Master plan to help clean up Jordan River Basin

Sponsored by

Dutch project management, consultancy and engineering services provider Royal HaskoningDHV has been contracted to produce a master plan for the Lower Jordan, the historical river between the Sea of Galilee and the Dead Sea.

The purpose of the cross-border master plan is to integrate separate Israeli, Palestinian and Jordanian plans and thus produce a healthy ecosystem, distribute water fairly and provide open public access to the river. The master plan will be available in Arabic, English and Hebrew at the start of 2014.

Friends of the Earth Middle East awarded this contract to Royal HaskoningDHV together with the Stockholm International Water Institute and the Global Nature Fund.

The downstream part of the river (Lower Jordan River) springs in the Sea of Galilee and winds 200 kilometres through the Jordan Valley to the Dead Sea. At present most of the water is drained off for agriculture and for the supply of drinking water. The river is seriously polluted due to the discharge of effluent and other contaminants.

Dutch and Israeli experts from Royal HaskoningDHV will work as consortium members on the spatial planning, water management, ecological and economic aspects of the project. Other consortium partners are local engineering firms in Jordan and Palestine.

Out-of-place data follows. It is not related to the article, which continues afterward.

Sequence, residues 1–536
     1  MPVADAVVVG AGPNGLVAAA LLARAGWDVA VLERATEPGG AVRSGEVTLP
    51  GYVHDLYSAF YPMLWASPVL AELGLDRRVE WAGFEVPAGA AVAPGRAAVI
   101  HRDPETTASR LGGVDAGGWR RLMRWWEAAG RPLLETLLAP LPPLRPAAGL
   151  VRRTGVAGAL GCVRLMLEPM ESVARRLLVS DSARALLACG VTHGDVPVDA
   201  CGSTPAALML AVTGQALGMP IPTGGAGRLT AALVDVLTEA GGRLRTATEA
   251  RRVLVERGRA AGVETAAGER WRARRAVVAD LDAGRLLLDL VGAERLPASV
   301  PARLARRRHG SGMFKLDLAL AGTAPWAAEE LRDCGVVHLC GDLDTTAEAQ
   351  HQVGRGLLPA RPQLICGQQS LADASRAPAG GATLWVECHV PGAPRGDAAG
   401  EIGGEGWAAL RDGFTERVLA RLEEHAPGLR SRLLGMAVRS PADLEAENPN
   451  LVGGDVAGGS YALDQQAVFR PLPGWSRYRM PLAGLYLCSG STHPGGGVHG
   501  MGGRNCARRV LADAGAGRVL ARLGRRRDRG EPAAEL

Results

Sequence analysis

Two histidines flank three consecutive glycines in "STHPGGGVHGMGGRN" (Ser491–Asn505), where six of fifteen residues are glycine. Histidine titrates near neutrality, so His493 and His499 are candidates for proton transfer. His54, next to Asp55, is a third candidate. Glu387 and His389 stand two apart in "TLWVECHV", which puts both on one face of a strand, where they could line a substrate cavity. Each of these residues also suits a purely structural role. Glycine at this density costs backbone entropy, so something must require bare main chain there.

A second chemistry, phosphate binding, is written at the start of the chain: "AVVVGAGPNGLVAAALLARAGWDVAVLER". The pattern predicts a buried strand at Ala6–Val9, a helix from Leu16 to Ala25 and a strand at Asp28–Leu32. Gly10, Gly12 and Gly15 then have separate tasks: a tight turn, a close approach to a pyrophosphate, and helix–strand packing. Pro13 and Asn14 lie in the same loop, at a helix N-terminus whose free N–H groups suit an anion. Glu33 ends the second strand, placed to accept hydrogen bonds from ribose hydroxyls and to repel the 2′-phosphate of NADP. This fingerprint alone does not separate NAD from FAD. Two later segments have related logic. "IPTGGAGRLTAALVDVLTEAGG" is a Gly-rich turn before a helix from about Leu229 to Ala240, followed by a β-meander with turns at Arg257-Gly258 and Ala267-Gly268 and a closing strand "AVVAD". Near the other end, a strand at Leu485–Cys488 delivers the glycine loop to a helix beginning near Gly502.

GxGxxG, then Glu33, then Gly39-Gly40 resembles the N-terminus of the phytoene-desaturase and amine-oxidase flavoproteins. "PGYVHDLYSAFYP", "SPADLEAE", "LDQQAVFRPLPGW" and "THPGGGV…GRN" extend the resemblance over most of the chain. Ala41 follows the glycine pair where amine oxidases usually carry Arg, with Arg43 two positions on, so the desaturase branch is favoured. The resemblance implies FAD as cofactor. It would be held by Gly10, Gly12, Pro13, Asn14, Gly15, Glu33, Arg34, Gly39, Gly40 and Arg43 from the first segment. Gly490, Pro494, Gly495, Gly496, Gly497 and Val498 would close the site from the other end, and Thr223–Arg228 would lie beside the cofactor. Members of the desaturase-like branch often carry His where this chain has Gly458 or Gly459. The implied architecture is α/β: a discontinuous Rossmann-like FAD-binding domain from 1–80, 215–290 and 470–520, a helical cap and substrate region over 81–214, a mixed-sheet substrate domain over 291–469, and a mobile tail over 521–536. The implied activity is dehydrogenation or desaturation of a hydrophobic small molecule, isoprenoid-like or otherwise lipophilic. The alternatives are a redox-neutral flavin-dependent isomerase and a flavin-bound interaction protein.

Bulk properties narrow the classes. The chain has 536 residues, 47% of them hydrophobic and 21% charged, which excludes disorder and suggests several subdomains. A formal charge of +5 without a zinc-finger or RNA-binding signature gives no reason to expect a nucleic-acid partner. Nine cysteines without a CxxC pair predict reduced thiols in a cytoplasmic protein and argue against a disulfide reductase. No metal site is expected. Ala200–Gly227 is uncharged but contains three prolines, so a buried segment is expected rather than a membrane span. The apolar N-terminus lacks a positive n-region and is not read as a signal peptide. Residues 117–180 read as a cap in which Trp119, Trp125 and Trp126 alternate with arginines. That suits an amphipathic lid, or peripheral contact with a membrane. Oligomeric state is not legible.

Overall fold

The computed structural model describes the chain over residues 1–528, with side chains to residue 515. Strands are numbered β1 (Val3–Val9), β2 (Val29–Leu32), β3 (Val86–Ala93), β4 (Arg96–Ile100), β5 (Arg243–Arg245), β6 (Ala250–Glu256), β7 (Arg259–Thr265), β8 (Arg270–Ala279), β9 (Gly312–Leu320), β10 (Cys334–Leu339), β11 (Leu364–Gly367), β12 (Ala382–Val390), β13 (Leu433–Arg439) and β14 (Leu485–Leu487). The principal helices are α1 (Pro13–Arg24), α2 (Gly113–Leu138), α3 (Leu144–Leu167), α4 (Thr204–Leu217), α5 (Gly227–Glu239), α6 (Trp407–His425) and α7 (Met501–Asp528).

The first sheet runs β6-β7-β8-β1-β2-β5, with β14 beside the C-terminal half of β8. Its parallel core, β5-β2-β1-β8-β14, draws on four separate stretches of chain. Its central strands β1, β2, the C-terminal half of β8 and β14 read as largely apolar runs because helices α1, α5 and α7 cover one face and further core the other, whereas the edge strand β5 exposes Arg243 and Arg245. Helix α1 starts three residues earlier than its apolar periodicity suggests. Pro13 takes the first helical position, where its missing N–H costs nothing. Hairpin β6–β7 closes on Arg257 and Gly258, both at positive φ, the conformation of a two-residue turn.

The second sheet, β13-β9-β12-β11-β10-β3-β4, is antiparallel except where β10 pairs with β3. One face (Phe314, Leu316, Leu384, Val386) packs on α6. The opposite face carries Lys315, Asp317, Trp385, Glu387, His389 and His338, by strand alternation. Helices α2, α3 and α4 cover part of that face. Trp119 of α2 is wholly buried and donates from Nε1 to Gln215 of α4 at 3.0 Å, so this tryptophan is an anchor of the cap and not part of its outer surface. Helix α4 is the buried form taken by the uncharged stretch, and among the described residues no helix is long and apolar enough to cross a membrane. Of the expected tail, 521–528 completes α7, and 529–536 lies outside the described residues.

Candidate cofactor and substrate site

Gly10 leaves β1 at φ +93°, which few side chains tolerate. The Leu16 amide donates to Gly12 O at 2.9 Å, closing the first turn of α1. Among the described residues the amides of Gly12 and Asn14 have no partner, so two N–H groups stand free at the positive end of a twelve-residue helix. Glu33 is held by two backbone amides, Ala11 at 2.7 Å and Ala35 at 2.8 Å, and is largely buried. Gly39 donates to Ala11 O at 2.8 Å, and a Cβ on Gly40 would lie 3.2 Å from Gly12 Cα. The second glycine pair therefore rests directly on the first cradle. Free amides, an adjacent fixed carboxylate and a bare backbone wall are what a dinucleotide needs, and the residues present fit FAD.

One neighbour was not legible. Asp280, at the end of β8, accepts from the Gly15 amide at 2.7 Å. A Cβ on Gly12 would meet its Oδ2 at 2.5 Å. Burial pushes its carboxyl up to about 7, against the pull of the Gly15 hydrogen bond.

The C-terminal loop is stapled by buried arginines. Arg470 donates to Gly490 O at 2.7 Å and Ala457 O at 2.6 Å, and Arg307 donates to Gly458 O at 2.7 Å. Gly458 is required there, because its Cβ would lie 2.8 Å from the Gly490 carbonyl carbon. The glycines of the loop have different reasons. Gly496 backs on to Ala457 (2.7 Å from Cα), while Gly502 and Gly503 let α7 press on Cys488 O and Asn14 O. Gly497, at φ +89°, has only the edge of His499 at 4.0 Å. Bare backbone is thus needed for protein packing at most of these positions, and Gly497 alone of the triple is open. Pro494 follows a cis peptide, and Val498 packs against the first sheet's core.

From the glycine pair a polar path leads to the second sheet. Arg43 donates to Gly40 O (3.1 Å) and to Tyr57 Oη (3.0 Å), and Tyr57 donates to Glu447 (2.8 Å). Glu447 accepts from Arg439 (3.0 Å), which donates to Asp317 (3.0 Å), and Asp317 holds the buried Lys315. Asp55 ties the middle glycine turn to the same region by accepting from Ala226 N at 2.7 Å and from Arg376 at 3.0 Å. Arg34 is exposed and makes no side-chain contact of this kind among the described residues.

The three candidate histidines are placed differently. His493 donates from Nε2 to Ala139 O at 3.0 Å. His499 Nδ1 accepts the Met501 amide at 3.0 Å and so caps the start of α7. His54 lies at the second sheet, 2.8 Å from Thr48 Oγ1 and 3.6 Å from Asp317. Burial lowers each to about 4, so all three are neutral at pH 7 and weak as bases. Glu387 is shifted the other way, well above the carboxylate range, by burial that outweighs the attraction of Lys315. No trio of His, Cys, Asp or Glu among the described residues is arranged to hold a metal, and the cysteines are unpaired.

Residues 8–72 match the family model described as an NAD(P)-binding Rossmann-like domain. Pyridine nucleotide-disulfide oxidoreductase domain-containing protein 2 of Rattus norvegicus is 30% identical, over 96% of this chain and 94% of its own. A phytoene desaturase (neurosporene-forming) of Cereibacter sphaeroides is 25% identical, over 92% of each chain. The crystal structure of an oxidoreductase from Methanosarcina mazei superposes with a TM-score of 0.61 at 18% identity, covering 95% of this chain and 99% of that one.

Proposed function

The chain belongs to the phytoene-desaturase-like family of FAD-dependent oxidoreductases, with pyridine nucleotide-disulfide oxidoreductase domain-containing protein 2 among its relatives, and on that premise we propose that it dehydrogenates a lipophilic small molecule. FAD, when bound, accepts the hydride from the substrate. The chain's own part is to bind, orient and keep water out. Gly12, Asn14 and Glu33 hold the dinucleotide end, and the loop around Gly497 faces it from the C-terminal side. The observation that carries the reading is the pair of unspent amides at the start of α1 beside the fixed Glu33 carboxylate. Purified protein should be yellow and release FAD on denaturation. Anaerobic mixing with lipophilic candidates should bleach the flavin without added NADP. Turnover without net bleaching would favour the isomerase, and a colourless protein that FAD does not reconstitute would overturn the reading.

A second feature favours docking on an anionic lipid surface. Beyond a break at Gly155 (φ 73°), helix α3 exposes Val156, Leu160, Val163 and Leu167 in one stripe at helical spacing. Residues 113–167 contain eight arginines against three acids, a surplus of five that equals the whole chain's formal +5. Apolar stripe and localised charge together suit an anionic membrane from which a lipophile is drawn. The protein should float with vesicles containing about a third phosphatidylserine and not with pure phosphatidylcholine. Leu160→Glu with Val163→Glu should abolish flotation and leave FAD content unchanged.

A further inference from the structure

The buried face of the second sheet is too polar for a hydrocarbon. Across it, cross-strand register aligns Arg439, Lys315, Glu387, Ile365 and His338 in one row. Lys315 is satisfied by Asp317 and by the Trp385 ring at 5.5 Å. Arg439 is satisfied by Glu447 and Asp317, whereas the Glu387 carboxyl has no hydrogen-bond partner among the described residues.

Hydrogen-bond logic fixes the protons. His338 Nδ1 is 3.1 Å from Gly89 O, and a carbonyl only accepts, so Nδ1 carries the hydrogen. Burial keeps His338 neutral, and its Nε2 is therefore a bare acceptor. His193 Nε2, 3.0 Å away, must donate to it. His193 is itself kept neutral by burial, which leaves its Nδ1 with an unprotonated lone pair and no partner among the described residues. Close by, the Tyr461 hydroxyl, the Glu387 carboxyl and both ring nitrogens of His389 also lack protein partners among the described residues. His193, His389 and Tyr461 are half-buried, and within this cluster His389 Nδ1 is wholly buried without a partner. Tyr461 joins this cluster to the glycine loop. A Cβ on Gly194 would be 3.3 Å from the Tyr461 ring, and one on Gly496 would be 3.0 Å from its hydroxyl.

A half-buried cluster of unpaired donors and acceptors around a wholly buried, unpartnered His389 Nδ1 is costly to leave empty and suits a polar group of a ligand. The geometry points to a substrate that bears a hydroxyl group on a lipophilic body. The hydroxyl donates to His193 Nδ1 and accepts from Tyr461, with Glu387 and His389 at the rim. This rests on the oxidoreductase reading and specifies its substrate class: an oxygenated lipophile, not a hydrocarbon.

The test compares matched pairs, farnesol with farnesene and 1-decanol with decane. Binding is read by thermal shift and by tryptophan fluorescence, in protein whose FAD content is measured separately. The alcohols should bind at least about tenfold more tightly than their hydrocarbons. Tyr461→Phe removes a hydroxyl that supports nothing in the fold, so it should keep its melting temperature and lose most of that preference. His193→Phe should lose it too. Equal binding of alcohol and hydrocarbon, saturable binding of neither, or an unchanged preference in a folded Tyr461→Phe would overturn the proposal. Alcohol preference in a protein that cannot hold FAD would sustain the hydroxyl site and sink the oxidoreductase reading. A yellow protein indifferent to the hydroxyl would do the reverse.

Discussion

Jeroen Kool, project manager for Royal HaskoningDHV, said: “The master plan will be used to encourage the Israelis, Palestinians and Jordanians jointly to rehabilitate the river and to restore the river’s ecology and its hydrological functions. Important matters are the creation of free access, good security conditions and a healthy economic basis.”

###

Sponsored by

TODAY'S HEADLINES

CH2M HILL lauded for noteworthy wastewater treatment plant projects

CH2M HILL has been recognized with two Global Water Awards for its exceptional infrastructure work involving Peru's Taboada Wastewater Treatment Plant and the Bahrain Petroleum Company.

Winners of 2013 Campus RainWorks Challenge targeting green infrastructure announced

Four winners of the Environmental Protection Agency's second annual Campus RainWorks Challenge were recently announced.

S.F. Bay water quality, wetlands to be improved with $5M EPA grants

Nearly $5 million in grants provided by EPA have been designated to restore water quality and wetlands throughout the San Francisco Bay watershed.

Aeration Problem?

A supposed aeration problem is often nothing of the sort; it is simply the need for an efficient and appropriate mixer. Therefore, any facility striving to achieve as much treatment as possible on-site should consider mixing to reduce total operation costs.

FOLLOW US ON SOCIAL MEDIA